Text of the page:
One thing that isn't -- at some resorts -- is the lift price, which remains the same as last year at Pennsylvania's Blue Knob ($18, weekend adult ticket) and Seven Springs ($17); Virginia's Bryce ($20) and Massanutten ($20); and West Virginia's Alpine Lake ($11, open Friday and weekends only). The gloomy economy is given the credit for the hold on increases.

Elsewhere, ticket prices are going up from 50 cents (Wisp at Oakland, Md.) to $2 per adult ticket, with the top per-day weekend rate reaching $24 (for skiers not lodging on the mountain) at Snowshoe. Cheaper rates are offered in a variety of ways: weekdays, early season, late season, children's tickets, learn-to-ski packages and half-day, night and twilight skiing. (The cheapest ticket is one day of free skiing, Friday, Nov. 26, at Hidden Valley in Pennsylvania to inaugurate two new triple-chair lifts, a remodeled restaurant and a new conference center. That's if the weather is cold enough to make snow by then.)

The cost of accommodations varies, with a rule-of-thumb that the closer you are to the mountain the more you will pay. Weekends and holidays are most expensive. At Virginia's classy Homestead in Hot Springs, the daily rate for a twin room begins at $82 per person, including three meals. Wintergreen's two-day "Come-to-Ski" weekend package begins at $140 per person for a couple in a studio apartment, including lift tickets. Snowshoe estimates lodging and ticket costs at $50 per person daily.

Among the major additions to local skiing:

* Wintergreen in Virginia's Blue Ridge Mountains unveils "The Highlands," three new expert slopes and a triple chair, part of a $2 million expansion program this year. The vertical drop is 1,003 feet and the longest run is 4,450 feet. The resort also has added a water-cooling device to its snow-making system, to drop water temperatures 8 to 15 degrees. The result is they can make more snow faster and earlier in the season.

* Jack Frost in Pennsylvania's Western Poconos is opening five new slopes and a wooded glade area on East Mountain for advanced skiers as part of a $6 million expansion. Snow Ridge, a new 320-unit slopeside village, will make overnight accommodations available for the first time at the resort ($745 a week for a two-bedroom home). With Big Boulder, a few minutes distant and under the same management, the complex provides 27 trails and 14 lifts.

* In addition to the condominium facilities, Snowshoe in West Virginia has installed two new triple-chair lifts servicing two more intermediate and one advanced trail down the lift line.

* Already famed in the mid-Atlantic for its downhill challenge, Elk Mountain in eastern Pennsylvania has added "Tuscarora," a 3,000-foot-long expert trail, as well as a new restaurant and cocktail lounge.

* Mount Timberline at Canaan Valley opens this year with a 2,000-foot T-bar servicing three beginner and intermediate trails 2,500 to 3,000 feet long. Next year's expansion plans call for a 3,600-foot triple chair and four more trails, with a 1,000-foot vertical.

* Blue Knob in western Pennsylvania has built 100 condos for on-the-mountain rentals. The wide beginners trail has been extended down to the accommodations, but the chairlift up won't be installed until next season.

* The top-of-the-lift trails at Camelback in the Poconos have always been fairly steep, so this season they cut a wide, wandering easy trail, "Julius Caesar," down from the mountain.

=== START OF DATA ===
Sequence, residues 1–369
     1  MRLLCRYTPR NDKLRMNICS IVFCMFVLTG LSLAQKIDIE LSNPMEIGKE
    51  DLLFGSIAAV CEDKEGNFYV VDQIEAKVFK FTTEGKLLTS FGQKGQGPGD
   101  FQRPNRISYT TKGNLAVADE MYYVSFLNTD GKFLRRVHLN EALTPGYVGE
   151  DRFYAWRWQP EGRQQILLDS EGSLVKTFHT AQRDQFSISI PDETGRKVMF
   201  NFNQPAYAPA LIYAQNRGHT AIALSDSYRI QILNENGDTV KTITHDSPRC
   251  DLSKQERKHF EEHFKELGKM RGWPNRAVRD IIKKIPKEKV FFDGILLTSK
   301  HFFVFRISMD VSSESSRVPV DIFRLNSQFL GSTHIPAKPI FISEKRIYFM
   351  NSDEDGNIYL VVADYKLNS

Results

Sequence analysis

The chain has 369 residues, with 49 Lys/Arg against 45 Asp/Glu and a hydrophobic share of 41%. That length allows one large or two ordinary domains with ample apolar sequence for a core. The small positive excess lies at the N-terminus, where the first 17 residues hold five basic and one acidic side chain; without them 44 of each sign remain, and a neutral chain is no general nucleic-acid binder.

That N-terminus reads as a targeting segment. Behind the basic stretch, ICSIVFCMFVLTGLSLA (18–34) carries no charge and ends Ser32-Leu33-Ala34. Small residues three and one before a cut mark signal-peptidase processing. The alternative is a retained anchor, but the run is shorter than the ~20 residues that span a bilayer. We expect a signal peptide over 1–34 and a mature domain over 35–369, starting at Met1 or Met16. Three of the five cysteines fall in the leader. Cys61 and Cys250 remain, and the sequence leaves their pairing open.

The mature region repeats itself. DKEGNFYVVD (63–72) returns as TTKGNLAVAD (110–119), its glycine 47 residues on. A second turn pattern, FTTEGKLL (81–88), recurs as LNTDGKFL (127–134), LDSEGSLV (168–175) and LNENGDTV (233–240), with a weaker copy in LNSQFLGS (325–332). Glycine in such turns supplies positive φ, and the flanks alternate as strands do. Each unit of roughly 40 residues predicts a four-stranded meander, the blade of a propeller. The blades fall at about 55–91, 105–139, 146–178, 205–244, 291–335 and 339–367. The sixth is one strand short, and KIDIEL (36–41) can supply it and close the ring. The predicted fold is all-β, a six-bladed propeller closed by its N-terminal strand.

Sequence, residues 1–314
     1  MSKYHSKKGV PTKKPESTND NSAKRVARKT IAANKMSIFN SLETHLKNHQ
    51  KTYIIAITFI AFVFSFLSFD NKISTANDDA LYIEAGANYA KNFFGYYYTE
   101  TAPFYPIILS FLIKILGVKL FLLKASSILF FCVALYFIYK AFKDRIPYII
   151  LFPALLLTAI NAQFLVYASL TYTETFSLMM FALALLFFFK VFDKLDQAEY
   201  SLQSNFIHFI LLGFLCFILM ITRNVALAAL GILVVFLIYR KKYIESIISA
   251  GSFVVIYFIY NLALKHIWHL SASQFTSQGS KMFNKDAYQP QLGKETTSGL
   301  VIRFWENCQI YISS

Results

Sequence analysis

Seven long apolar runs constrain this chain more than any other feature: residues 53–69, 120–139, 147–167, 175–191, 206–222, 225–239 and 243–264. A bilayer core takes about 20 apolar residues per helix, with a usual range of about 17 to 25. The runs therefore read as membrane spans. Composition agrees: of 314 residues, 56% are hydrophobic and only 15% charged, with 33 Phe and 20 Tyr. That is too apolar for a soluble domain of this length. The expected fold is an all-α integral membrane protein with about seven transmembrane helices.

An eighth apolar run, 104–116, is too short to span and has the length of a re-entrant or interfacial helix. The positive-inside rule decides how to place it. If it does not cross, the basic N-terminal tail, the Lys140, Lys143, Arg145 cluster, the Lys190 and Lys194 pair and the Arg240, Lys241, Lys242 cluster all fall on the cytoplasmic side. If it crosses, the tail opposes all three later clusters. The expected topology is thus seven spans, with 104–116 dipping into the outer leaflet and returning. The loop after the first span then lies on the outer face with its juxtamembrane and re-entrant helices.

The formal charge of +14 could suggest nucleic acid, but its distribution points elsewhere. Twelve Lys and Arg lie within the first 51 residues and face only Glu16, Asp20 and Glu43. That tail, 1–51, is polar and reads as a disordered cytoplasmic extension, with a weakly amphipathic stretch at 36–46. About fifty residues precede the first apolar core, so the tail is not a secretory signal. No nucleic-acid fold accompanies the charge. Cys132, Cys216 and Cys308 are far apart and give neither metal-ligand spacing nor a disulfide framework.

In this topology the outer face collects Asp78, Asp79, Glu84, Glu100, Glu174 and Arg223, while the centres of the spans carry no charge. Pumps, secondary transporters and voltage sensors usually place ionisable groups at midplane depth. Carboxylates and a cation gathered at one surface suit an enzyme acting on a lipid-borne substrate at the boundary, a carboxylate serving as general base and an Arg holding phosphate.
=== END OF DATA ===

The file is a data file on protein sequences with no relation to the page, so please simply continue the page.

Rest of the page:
Practically all of the region's resorts have made some modifications to their facilities or programs (more snowmaking and night lighting, for example, at Laurel Mountain in western Pennsylvania) following a generally profitable season last year.

Bryce, a small family area in Virginia's Shenandoah Valley, continues to build a strong racing program, for older amateurs as well as young Olympic hopefuls. "Keep an eye on Bryce," advices Skiing Magazine executive editor Dinah B. Witchel in the November issue after witnessing the "Bryce Brats" in pursuit of trophies. Racing is another way resorts are holding on to the better skiers. Ski area manager Horst Locher has scheduled a racing camp, Dec. 20-24, for "classified" and recreational racers.

Pennsylvania's Ski Roundtop has adopted the Star Test program of the Professional Ski Instructors of America. Skiers must pass ability tests to earn bronze, silver and gold medals. They also are offering "video analysis." For $10, you can watch a tape of your downhill style and find out what you are doing right or wrong. Its sister slope, Ski Liberty, has purchased 2,000 new pairs of rental skis equipped with the Look/Nordica integrated binding and boot system.

In western Pennsylvania, Seven Springs is introducing its "Tiny Tots" ski school for youngsters from about ages 4 to 7: Ski lessons, snack, playroom activities, lunch, ski rental for $18 a day or $12 a half day.

With the limits of terrain and climate here, the Washington-area ski industry will never rival the allure of the western resorts such as Aspen, Taos and Park City. They've got the dramatic peaks, the deep powder and the golden glow of a warm alpine sun and more room to handle the crowds. And it's New England you head for to get the ultimate in steep thrills and trails that twist for miles.

But the ski areas of the mid-Atlantic, expanding to meets the needs of Washington's growing army of downhill enthusiasts, increasingly are becoming a vacation alternative, offering a fair approximation of the big-time resorts -- and that's still pretty good skiing.